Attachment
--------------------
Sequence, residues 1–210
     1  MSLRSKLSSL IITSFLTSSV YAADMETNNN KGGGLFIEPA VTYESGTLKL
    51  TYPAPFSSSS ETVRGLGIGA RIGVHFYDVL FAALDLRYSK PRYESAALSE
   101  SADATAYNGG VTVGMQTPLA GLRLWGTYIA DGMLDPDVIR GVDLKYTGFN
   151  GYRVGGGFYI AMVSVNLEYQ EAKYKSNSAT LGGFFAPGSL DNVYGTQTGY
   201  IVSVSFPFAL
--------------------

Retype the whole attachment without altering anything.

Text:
Sequence, residues 1–210
     1  MSLRSKLSSL IITSFLTSSV YAADMETNNN KGGGLFIEPA VTYESGTLKL
    51  TYPAPFSSSS ETVRGLGIGA RIGVHFYDVL FAALDLRYSK PRYESAALSE
   101  SADATAYNGG VTVGMQTPLA GLRLWGTYIA DGMLDPDVIR GVDLKYTGFN
   151  GYRVGGGFYI AMVSVNLEYQ EAKYKSNSAT LGGFFAPGSL DNVYGTQTGY
   201  IVSVSFPFAL